Who are the greatest ever X-Men? We’re going to try to answer that question with your help, by putting the spotlight on different individual X-Men from across the franchise’s long history and pairing up your votes with the votes and opinions of our panel of highly opinionated X-Men fans. Your scores will be added to ours to determine the top 100 X-Men.

Today we're going all-in with a Giant-Sized crop of X-Men, great and small. This is your chance to weigh in on the alternate future Phoenix trapped in a world she never made; the psychotic son of one of comics' favorite bad boys; the furnace-faced leather-clad telepathic Londoner; and a hairy kid and his big red dinosaur. The X-Men are pretty weird.

 

 

STACY X, MIRANDA LEEVALD

Steve: Oh boy, you guys. I feel like I may have been born to unwrap the joys of Stacy X in front of a global audience. Let's talk about Stacy X! When the X-Men head into and, er, “liberate” a brothel for mutants, Stacy is one of the women who they find --- a slightly scaly lady who does something with pheromones to make you love her. She promptly joins the X-Men somehow, at which point she tries to seduce every man in sight, gets in a strop with every single woman on the team, and ultimately leaves Angel with a video tape of her doing jump rope naked. She’s legitimately the most male-written character to ever exist at Marvel. It’s incredible. 7/10

Andrew: I feel like those things you just listed aren’t strengths, Steve. 2/10

Aaron: She can cause orgasams or vomiting?! Who wants this?! 1/10

Elle: Nope. 2/10

OUR SCORE: 15/50

 

 

DR VAL COOPER

Katie: We’re taking her being Dale Cooper’s sister as canon, right? Which puts Twin Peaks in continuity with Marvel Comics? Because I am all for that. 8/10

Andrew: Val is the anti-Henry Peter Gyrich, in that she seems to have principles and a soul, and also sometimes a very big gun. As government liaison on mutant affairs, she has a tough job, and I don’t always like her methods, but I always like her. 7/10

Elle: I haven’t really thought about Val in a long time, but she’s okay. Certainly better than that Gyrich jerk. 7/10

Steve: She’s my favourite authority figure within the X-Men Universe. She’s tough and irritating, but she’s usually right --- or at the very least, fair. You always get a sense of her bigger-picture thinking when she appears, which I think speaks to the character being written with a consistent level of intelligence. I’d really like to see her butt heads with Abigail Brand one day. Somebody get me that miniseries! 7/10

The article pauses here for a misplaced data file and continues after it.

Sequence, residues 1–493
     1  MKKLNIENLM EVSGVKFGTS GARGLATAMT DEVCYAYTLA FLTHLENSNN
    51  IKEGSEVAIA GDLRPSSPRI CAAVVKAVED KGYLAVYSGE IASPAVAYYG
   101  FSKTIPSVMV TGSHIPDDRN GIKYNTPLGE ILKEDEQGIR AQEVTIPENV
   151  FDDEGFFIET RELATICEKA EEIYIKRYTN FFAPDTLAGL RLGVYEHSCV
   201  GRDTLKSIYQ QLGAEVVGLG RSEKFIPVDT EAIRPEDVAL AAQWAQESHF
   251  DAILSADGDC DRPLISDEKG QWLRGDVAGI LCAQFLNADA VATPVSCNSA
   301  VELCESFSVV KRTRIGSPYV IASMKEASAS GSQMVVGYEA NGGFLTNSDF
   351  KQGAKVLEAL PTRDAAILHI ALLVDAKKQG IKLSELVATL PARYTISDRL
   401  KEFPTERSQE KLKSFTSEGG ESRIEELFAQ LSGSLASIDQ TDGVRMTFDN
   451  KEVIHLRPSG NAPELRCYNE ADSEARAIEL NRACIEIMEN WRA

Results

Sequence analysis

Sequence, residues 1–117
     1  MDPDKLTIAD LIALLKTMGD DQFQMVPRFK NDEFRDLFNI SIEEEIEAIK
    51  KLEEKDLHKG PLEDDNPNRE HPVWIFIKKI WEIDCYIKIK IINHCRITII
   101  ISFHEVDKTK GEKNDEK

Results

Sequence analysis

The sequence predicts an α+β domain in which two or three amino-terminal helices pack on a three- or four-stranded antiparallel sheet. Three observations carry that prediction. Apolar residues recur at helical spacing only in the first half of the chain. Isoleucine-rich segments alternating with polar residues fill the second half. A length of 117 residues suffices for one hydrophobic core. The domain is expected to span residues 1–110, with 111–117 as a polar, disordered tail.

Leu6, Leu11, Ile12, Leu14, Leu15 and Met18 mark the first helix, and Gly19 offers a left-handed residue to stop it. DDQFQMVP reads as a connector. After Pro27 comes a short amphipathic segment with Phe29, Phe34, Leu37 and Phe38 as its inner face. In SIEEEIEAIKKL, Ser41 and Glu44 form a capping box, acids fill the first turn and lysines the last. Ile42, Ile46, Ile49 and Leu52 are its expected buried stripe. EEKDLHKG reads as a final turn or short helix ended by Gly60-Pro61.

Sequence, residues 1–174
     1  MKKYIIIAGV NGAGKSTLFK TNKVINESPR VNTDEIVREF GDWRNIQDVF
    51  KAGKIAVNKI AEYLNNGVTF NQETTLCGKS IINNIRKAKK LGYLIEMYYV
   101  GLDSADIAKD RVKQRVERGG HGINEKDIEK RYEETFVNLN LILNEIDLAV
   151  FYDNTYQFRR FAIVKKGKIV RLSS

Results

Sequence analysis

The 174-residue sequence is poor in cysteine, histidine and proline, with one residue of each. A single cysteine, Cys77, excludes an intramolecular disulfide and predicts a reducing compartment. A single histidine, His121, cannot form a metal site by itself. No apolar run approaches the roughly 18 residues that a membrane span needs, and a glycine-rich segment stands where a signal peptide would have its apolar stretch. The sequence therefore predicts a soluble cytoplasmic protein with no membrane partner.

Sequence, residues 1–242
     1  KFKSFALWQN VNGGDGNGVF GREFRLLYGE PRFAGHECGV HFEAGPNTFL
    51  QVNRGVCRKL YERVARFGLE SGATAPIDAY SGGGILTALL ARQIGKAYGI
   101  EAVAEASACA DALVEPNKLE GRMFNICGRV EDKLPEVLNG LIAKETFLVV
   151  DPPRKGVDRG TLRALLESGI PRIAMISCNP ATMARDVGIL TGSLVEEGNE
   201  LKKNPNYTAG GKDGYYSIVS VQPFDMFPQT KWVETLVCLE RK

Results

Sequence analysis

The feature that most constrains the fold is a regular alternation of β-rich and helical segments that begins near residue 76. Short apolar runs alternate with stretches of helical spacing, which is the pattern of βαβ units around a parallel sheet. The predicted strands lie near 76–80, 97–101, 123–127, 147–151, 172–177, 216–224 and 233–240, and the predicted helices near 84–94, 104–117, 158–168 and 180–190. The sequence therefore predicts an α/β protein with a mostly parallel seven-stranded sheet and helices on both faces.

Aaron: The Amanda Waller of the X-verse? I’ll pass. 4/10

OUR SCORE: 33/50

 

 

MOON BOY & DEVIL DINOSAUR

Andrew: We included all the Fallen Angels in contention for this list because, I don’t know, Fallen Angels are just bootleg X-Men, right? They’re grandfathered in. But… on a case-by-case basis, some of them are more X-Menny than others, and these guys, great though they are, really don’t make the cut. 3/10

Katie: Definitely one of those “okay, but are they really X-Men?” situations, but this duo is just so Kirby-weird. Can’t help but smile thinking about them (even if one of them committed lobster-slaughter). 5/10

Elle: I do have doubts that these two belong on this list, but I can’t give them a low rating because I love them so much. 8/10

Steve: These two made the list but Onyxx didn’t? What a cruel world we live in. I haven’t read much Kirby, and I don’t really care about these two, so 2/10

Aaron: Definitely strike me as Land of the Lost extras instead of the X-Men. 2/10

OUR SCORE: 20/50

 

 

DARKSTAR, LAYNIA PETROVNA

Steve: The greatest of all time 10/10

Katie: I like her black and white costume quite a bit. Very sleak. But not too much of a personal connection to her. 5/10

Steve: How dare you.

Andrew: She doesn’t turn into a bear. I like the one that turns into a bear. Ooh, and Sibercat. I like Sibercat. But I do like characters with darkforce powers. Can those guys all talk to each other through the darkforce? Is it like group chat for Cloak, and Black Mamba, and Shroud? 5/10

Elle: I’m struggling to come up with a feeling I’ve ever had about Darkstar. 3/10

Aaron: She was apart of X-Corp?! 2/10

Steve: By decree of Putin, all scores will be erased and Darkstar shall be given full 10/10s.

Andrew: Putin, you have no power here.

OUR SCORE: 25/50

 

 

WOLVERINE, DAKEN AKIHIRO

Andrew: I think Daken is an interesting test of a writer’s worldview, much like Emma Frost before him. Any writer who can see the complexity in him is probably a good fit for the X-Men, and any writer who thinks this bisexual biracial bad boy should just be a plug-and-play thug should probably just stick to writing rote superhero power fantasies. 8/10